A friend of my nearly killed himself breathing the smoke put off by burning poison ivy. Having that rash on the inside of your lungs is a real downer.
Title: Re: Permaculture's anwer to poison ivy?
Post by: cheryl1 on May 19, 2013, 01:11:15 PM
find someone who's not allergic and have them cut down the vines for you
Title: Re: Permaculture's anwer to poison ivy?
Post by: r_w on May 20, 2013, 08:28:19 AM
Be careful about torching the poison ivy.

A friend of my nearly killed himself breathing the smoke put off by burning poison ivy. Having that rash on the inside of your lungs is a real downer.

+1000000!!!

You can also be held liable if a neighbor inhales that smoke! 

Title: Re: Permaculture's anwer to poison ivy?
Post by: dantesrebellion on July 05, 2013, 09:56:53 AM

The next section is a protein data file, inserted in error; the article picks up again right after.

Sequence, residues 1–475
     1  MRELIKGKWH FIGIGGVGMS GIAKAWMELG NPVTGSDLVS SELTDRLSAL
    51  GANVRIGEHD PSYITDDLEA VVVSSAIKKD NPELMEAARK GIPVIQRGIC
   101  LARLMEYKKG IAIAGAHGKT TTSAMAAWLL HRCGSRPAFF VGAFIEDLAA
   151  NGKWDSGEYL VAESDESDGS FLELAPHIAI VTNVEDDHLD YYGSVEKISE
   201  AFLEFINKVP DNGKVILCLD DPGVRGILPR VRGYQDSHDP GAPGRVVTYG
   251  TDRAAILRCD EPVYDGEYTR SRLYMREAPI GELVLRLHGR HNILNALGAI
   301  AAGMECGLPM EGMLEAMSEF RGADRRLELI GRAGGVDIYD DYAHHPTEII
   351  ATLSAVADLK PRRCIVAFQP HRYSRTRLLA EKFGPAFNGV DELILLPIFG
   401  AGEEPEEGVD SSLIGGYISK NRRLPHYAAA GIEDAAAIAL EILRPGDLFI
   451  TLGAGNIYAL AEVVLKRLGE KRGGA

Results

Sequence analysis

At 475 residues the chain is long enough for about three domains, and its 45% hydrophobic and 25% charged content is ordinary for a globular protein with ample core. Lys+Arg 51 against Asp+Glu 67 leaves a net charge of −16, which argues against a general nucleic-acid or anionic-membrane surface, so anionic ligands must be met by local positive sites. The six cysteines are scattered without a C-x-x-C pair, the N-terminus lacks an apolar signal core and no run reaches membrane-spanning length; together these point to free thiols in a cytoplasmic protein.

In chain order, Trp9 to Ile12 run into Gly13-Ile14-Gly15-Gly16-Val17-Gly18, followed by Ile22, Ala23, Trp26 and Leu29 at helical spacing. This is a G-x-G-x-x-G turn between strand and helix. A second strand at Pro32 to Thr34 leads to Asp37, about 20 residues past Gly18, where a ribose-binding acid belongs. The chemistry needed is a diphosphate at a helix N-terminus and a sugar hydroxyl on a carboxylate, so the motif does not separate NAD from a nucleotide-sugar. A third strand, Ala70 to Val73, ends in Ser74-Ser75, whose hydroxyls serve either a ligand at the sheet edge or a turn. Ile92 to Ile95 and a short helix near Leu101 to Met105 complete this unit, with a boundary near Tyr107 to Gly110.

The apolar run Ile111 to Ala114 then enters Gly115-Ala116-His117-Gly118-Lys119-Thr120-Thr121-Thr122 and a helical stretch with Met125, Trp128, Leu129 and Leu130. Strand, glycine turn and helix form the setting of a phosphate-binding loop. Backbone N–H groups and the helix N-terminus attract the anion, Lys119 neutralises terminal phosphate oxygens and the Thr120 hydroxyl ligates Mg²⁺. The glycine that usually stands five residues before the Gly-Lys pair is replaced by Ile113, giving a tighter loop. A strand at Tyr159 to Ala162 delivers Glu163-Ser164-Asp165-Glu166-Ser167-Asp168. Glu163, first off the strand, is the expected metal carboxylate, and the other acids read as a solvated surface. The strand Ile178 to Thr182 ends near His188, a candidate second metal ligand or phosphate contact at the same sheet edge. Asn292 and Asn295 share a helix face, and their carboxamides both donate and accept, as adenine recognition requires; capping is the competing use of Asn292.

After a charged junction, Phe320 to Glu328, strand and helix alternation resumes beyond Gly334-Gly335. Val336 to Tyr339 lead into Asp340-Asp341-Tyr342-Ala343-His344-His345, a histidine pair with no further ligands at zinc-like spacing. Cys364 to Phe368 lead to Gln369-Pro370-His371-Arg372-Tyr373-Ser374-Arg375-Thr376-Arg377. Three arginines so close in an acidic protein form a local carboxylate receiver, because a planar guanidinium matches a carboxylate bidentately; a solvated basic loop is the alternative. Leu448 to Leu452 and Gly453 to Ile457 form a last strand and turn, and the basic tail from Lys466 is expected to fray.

Live and let live. It is all over my fences. I call it natural home security.
Title: Re: Permaculture's anwer to poison ivy?
Post by: soupbone on July 05, 2013, 02:50:59 PM
Live and let live. It is all over my fences. I call it natural home security.

Yep - it's really a very pretty plant. Transplant it and let it grow up the side of your house. ALARM SYSTEM?!? I don' need no stinkin' alarm system!!!

soup
Title: Re: Permaculture's anwer to poison ivy?
Post by: may214 on July 05, 2013, 05:31:24 PM
That would require a substantial botanical education drive to ensure that potential invaders could identify poison ivy.  Perhaps one of those yard signs like you see for home security?  WARNING: These premises protected by biological toxins!
Title: Re: Permaculture's anwer to poison ivy?
Post by: dantesrebellion on July 05, 2013, 08:02:25 PM